Austria extends Hungarian, Slovenian border control amid Ukraine war

In 2015, Austria closed its borders with neighbours Hungary, Italy, Slovakia and Slovenia to halt a massive influx of refugees. It has now decided to prolong border controls. [Shutterstock/Janossy Gergely]

Austria has extended the border controls at the land border with Hungary and Slovenia it introduced during the 2015 refugee crisis, the government decided on Wednesday, citing the security risk of the Ukraine war as the main reason for its decision.

In 2015, Austria closed its borders with neighbours Hungary, Italy, Slovakia and Slovenia to halt a massive influx of refugees. It has now decided to prolong border controls.

“We are also particularly challenged by the war in Ukraine in the area of internal security. Human traffickers have discovered new fields of business in the shadow of the crisis,” said Interior Minister Gerhard Karner.

Austria justified the move by referring to illegal secondary migration from bordering EU members, the situation at the EU’s external borders, as well as the danger of terrorism and organised crime.

According to Karner, criminals would advertise their illegal activities by referring to the openness of the European borders. “This is how the marketing of the traffickers works at the moment. We have to put a stop to it,” he said.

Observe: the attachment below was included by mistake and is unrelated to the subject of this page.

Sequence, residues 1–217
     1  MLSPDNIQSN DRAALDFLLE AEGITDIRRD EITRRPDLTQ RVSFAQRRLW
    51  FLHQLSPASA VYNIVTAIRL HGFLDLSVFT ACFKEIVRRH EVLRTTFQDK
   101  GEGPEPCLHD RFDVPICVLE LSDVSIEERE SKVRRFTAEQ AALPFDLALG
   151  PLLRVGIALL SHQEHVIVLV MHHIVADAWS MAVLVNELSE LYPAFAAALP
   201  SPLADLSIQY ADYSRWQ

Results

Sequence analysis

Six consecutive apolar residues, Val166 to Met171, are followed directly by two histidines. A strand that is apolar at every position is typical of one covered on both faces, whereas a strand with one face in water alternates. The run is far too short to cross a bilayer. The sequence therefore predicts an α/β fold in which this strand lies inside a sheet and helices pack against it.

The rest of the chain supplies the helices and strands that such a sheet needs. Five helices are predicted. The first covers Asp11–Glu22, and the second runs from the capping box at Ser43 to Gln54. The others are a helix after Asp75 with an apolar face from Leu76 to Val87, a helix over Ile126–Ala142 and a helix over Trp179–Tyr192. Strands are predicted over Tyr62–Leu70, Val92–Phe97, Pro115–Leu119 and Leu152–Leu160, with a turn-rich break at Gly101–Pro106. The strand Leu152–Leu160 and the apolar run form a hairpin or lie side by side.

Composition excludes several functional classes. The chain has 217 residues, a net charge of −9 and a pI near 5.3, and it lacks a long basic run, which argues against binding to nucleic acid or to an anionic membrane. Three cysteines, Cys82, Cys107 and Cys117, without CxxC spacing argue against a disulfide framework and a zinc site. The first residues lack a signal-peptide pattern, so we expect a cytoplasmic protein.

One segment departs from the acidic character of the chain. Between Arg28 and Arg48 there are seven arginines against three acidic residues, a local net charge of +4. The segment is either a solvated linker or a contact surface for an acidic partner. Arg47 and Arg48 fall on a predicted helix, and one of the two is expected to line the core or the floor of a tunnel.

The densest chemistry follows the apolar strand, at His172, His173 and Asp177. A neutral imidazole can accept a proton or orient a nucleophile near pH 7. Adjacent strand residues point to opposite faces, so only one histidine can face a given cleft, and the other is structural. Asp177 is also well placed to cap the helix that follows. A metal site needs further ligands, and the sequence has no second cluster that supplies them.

The Schengen area, of which Austria is part, abolished passport and border controls. However, there are some ways for member states to justify a preliminary reintroduction of their borders, most notably in case of a serious threat to public order or internal security.

But Austria’s justification for introducing border controls has been unsatisfactory since 2017, the Court of Justice in Luxembourg held in April. However, the final decision on the validity of the measures is still pending in an Austrian court.

“When we renegotiate the Schengen Code in the European Union, it must also be guaranteed in the future that internal border controls will continue to be possible if necessary,” Karner emphasised, arguing that “we must now set limits when the willingness to help displaced persons is exploited by the trafficking mafia.”

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